THE DEATH OF DRACULA
A Love Story



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ACT ONE
Mina Murray has just arrived in Sangrov Abbey in Wallachia (near Transylvania) in the summer of 1895, when she has been summoned by Sister Agatha because her fiancÚ, Jonathan Harker, has been found half-naked and raving in the nearby woods. Sister Agatha tells Mina he has been talking about a vampire, Count Dracula, whom the sister dismisses as a superstition of the Romanian people. She does not tell Mina that Jonathan also has been having clearly erotic dreams involving women, but Mina learns this soon enough when she visits Jonathan and overhears his dream. Surreptitiously reading his journal, we flashback to Jonathan's first encounter with Count Dracula in his castle.

The count, 70-ish, has summoned Jonathan to help him legally secure a residence in England. The old man recounts the glorious day when his ancestor (really himself), Vlad Dracul, was anointed by the Holy Roman Emperor and the Pope to defend Christianity from the infidel Turks. At a knights' tournament, Vlad was saved by a golden buckle tossed to him by a princess. Later that night, Princess Wilhelmina visits his bedchamber and seduces Vlad Dracul - he who prides himself on his independence.

As Mina awakens with the journal in her lap, we see that it is she who has dreamed this sexual encounter. We sense how she chafes under the restraints of Victorian society in London. When Jonathan asks her to marry him there and not to wait until they return to England, she hesitates, afraid the union will not be one of complete sharing of all intimacies.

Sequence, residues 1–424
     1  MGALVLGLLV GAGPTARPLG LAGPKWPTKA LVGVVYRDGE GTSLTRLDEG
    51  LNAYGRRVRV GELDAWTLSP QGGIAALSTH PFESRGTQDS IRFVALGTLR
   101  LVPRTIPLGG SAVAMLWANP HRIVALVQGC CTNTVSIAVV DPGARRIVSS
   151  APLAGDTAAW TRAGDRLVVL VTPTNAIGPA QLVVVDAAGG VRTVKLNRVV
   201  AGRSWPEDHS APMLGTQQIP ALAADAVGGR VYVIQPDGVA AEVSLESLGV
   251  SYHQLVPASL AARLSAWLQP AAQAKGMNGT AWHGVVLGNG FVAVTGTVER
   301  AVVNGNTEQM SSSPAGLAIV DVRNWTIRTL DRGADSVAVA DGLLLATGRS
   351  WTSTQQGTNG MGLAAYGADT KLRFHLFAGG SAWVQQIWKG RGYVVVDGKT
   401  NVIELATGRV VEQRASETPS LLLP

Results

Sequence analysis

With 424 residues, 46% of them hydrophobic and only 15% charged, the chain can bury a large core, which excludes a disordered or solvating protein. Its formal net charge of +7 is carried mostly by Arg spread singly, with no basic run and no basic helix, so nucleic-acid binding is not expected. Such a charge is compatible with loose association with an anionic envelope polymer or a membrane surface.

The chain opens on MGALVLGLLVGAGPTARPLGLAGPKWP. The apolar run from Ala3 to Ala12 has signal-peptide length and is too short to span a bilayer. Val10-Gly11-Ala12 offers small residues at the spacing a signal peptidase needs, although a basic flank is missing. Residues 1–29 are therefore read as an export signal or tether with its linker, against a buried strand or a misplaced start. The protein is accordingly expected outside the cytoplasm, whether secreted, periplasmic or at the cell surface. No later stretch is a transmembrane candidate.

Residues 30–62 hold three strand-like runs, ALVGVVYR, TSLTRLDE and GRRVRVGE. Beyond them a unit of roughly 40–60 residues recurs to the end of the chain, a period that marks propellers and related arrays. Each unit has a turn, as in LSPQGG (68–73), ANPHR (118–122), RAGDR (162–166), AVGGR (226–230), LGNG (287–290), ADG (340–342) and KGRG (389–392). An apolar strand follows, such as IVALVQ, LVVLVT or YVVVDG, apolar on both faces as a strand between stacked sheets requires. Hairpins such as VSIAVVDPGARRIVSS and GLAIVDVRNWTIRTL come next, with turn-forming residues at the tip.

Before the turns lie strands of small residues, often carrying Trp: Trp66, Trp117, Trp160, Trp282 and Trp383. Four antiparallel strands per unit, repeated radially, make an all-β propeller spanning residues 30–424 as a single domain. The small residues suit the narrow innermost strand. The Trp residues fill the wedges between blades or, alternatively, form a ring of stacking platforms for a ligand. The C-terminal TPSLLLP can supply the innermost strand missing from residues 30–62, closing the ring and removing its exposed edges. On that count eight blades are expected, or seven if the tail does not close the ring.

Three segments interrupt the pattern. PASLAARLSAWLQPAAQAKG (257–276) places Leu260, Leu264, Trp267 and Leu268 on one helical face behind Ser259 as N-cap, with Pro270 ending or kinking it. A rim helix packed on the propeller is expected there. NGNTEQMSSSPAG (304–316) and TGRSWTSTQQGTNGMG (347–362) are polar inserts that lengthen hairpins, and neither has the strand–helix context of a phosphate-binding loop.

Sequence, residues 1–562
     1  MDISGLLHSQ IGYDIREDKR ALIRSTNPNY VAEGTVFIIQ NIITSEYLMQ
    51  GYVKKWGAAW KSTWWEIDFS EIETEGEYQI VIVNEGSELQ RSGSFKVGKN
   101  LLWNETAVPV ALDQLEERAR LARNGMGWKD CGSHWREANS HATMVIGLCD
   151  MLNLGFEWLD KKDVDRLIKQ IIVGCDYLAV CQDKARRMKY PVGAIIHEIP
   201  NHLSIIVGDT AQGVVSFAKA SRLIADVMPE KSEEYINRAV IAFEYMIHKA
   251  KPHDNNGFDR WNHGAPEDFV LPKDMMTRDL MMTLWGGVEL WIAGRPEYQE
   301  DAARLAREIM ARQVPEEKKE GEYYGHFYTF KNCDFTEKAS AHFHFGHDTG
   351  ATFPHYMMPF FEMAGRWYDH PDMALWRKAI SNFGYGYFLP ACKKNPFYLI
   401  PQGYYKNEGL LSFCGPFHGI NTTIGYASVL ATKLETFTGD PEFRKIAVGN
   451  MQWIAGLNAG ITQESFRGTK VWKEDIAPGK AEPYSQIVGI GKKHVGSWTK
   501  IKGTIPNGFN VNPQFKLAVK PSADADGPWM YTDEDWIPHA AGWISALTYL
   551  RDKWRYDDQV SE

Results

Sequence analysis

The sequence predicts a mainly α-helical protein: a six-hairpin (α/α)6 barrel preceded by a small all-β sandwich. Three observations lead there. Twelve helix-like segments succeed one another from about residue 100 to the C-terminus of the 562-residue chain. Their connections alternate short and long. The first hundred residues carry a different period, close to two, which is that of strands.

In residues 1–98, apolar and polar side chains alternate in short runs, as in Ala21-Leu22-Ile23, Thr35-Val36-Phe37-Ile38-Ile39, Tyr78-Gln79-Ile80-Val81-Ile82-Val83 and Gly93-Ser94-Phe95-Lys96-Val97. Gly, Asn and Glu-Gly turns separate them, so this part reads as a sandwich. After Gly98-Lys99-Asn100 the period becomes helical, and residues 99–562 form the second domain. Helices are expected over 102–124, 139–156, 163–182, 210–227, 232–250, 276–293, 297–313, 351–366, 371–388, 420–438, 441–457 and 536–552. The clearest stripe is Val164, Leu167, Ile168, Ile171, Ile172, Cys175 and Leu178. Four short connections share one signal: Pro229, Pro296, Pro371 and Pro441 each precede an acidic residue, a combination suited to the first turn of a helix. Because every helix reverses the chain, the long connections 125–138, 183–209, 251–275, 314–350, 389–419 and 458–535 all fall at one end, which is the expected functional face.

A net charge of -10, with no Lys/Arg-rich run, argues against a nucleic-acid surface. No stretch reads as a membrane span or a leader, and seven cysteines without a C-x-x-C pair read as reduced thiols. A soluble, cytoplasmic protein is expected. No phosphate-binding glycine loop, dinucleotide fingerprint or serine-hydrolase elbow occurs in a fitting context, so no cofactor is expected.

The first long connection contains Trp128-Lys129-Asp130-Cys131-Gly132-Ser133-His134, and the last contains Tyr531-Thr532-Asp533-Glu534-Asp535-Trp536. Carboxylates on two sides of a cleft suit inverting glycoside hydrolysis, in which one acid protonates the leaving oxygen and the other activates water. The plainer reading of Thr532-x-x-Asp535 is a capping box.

Jonathan at first refuses to tell Mina what happened to him, but he does allow her to continue to read his journal, if she promises never to speak of what happened.

In a sexually-charged scene, Jonathan indulges himself with two female vampires. Suddenly Count Dracula bursts in and throws the vampires out.

Mina, aroused by this journal entry, now senses that Jonathan will perhaps not be as repressed sexually as she had feared and consents to marry him. As the wedding ceremony takes place, Dracula simultaneously embarks for London.

ACT TWO
London, some three months later. Mina, her best friend Lucy Westerna, Jonathan, the rich American Quincey Morris, and the scientist Dr. Jack Seward are attending a performance of "Hedda Gabler" at the Lyceum Theatre. Mina seems as restless as Hedda and testily argues with Jonathan about the play. Lucy makes peace as Count Dracula, now a handsome 35, shows up at their box. Mina threatens to reveal who he is, but Dracula quotes her own arguments about Hedda's deserved freedom back to her, and she decides to lie to Jonathan about whom she has been talking with.

That night, in her room in Dr. Seward's asylum, Mina tells Lucy how unhappy she is in her marriage, how her passion goes unrequited. Lucy counters that men don't want women passionate, and it is best just to "go along." Mina cries out that she needs someone to touch her. Lucy does so, then leaves. Dracula enters through a window and bites Mina.